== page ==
Easy Healthy Recipe: Super Seaweed Salad by Tracy Griffen
Welcome to festival month in Edinburgh. Yes, the world’s biggest arts festival takes over Scotland’s capital for this month. There’s also Foodies Festival this weekend at Inverleith Park, with some lucky winners from last month’s newsletter enjoying free entry tickets. I’ll be cycling there on Friday with empty pannier bags, so read on for the August’s article on how to attend a foodie event and stay (relatively) healthy.
Easy Healthy Recipe: Super Seaweed Salad
If you grow your own vegetables, you may be in the middle of a lettuce glut. I love salads, but sometimes it’s nice to try something different. Seaweed is supergood for you, with a wide variety of naturally occurring minerals including iodine, magnesium, iron, calcium and potassium as well as many vitamins. The iodine in seaweed aids metabolic function, including helping maintain a healthy thyroid.
2 tbsp dried wakame seaweed (from a Chinese supermarket)
Big handful of chopped lettuce, mizuna or rocket
2 finely chopped spring onions
½ carrot, shredded
For the dressing
2 tbsp rice vinegar
2 tbsp soy sauce
1 tsp sesame oil
½ tsp sugar
chopped red chili (to taste)
1 cm grated ginger
clove minced garlic (optional)
1 tbsp sesame seeds, toasted
Fresh coriander leaves to taste
- Soak dried seaweed in cold water for 4 to 6 minutes, or as per packet instructions. Drain.
- Combine the dressing ingredients and whisk together. Alternatively make the dressing in a jar with a lid and shake to combine.
- Toss the vegetables in a salad bowl and combine with the drained seaweed (chop the seaweed if it is uncut).
- Stir through the sesame seeds and coriander just before serving. Serve with sushi or as a side for noodles.
How to Have a (Relatively) Healthy Foodies Festival
I’ve been going to Foodies Festival every year for about eight years now, back when it was at Holyrood park. It’s a fab day for anyone who loves food (and who doesn’t?). You might think it’s a Personal Trainer’s nightmare, however I manage to fill my pannier bag and belly every year without compromising my waistline too much.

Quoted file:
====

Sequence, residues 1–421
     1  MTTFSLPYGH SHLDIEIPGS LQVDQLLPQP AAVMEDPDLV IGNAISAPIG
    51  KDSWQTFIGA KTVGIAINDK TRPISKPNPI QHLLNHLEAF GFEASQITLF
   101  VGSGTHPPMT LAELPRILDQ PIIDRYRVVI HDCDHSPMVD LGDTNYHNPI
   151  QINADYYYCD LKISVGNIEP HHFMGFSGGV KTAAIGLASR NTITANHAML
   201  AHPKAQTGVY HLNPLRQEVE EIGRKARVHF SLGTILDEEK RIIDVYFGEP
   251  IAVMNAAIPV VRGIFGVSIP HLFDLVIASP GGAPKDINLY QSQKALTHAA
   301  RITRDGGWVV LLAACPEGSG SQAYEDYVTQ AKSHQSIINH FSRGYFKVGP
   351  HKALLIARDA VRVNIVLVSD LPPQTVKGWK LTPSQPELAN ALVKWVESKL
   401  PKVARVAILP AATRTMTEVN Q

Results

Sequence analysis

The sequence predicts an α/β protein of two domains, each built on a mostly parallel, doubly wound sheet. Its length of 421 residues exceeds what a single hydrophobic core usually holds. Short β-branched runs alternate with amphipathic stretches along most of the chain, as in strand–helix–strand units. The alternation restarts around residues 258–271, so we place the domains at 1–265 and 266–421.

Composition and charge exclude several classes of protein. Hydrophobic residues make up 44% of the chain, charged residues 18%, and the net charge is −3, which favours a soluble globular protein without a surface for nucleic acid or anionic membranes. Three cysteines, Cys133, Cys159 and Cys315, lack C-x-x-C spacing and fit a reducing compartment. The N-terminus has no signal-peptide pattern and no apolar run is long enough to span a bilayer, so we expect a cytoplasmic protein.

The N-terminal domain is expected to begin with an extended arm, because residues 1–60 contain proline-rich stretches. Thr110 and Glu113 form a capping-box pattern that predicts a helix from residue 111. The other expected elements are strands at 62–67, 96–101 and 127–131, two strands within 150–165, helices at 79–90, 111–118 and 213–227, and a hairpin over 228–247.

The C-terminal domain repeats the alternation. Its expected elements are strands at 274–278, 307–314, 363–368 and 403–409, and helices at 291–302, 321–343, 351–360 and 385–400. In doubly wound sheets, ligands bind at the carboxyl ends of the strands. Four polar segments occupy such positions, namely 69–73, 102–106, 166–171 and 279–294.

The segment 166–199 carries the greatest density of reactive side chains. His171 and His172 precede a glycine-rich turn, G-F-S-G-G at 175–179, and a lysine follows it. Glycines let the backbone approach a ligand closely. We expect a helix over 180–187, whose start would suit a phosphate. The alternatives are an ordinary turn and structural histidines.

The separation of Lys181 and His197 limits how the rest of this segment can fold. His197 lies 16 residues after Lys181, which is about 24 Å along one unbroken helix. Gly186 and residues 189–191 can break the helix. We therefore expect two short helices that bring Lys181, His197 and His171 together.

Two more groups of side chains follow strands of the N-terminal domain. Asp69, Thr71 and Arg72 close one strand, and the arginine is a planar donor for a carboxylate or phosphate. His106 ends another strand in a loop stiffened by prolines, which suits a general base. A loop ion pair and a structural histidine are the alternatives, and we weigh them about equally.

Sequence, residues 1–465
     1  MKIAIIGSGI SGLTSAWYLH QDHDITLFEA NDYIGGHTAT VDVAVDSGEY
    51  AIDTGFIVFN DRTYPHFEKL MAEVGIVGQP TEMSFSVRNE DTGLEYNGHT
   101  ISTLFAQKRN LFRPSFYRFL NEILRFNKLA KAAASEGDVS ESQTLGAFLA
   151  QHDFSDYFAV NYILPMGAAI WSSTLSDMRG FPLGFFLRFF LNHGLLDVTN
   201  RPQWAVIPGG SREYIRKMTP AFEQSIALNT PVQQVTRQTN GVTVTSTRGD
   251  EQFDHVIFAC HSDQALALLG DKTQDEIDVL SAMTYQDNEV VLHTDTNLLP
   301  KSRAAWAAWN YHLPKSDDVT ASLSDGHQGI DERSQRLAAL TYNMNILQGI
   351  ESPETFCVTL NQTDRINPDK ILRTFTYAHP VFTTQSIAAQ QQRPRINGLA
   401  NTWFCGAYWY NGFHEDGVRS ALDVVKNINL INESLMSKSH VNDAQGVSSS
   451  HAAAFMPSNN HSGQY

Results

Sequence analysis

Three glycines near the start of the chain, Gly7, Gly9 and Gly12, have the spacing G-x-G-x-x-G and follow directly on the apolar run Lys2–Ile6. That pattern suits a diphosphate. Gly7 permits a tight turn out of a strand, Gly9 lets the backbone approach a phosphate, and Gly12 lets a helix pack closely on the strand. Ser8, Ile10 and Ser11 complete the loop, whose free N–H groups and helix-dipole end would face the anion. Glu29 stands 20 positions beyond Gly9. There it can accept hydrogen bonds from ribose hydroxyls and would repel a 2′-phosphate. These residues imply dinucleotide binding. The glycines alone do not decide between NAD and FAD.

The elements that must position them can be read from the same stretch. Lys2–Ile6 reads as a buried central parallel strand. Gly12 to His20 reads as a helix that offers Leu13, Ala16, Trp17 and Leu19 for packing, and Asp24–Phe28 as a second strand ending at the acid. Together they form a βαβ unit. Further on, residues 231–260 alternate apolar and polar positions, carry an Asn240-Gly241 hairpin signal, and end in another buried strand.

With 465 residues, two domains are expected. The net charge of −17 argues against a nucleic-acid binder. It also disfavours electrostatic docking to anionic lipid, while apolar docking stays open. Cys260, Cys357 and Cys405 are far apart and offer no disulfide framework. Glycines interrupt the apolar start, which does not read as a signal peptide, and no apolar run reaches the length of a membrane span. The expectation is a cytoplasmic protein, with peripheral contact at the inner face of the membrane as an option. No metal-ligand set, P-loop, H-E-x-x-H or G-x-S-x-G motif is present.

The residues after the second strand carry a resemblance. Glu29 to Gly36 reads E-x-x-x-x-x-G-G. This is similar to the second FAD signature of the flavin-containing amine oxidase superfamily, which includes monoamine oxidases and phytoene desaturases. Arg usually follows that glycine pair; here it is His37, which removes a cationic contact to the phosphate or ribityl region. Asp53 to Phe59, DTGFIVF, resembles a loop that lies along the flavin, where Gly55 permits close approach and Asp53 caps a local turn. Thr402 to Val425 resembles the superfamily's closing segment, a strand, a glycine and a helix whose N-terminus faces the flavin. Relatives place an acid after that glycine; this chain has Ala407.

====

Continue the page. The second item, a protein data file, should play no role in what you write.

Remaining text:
The first thing is to make sure is that you walk or cycle there. Car parking is a pain in the posterior, and Inverleith Park is right on the Water of Leith, making for an excellent walk. I like to cycle, so I can load up my bike with culinary goodies. Dogs were welcome last year too, however I think fitness pug Coco might find it all a bit distracting…
My favourite bit is the large market of small producers plying their wares. Tastings aplenty, and each year Andy and I end up stocking up on lots of jars of relishes. Perthshire Oatcakes usually have a stall, so I can buy fancy oatcakes in bulk! There are always a wide range of local farmers, and sometimes we even get some venison for our supper. Last year we got some delicious smoked trout from a Scottish loch. I also use Foodies Festival to stock up on locally produced rapeseed oils, fancy balsamic vinegar, and many variations of seasonings. The market stalls are cook’s delight with new locally produced fayre, niche products (usually including Seaveg seaweed) and new products to market. In fact it was at Foodies I first discovered Flavourly (a goody box of foodie treats posted each month).
If you’re stopping for a meal, take a good look around all the food stalls before deciding. Last year I enjoyed a Union of Genius creation, and there are lots of healthy and vegetarian options. Even though Foodies does have its fair share of bars, there are many non-alcoholic drink options and last year a highlight was coconut water straight out of a coconut. If you do opt for booze, have a G & T or fruity cocktail, which tend to be lower in calories.
You can also learn some new culinary skills from the masterclasses; they do get busy so get there early and be sure to book your spot. Make Foodies a culinary adventure and expand your palate not your waistline.
And Finally: Two Sports You Probably Haven’t Seen
This is the bit of the newsletter where you can spend a few minutes watching fitness-inspired videos, in the name of motivation. Thanks to Andrea for this month’s suggestions. First up we have complex choreography on the back of a bike with Artistic Cycling, a lesser known genre of gymnastics.
The second clip is of Radball (Cycleball) which is football played on bikes. The game originated from Germany in 1893 and is more interesting than soccer without bikes, I think. Do you have an obscure sport you’d like to see featured in my blog? Drop me a line. Have a happy and healthy festival month,
You can listen to Tracy Griffen’s Ragged talk on the podcast: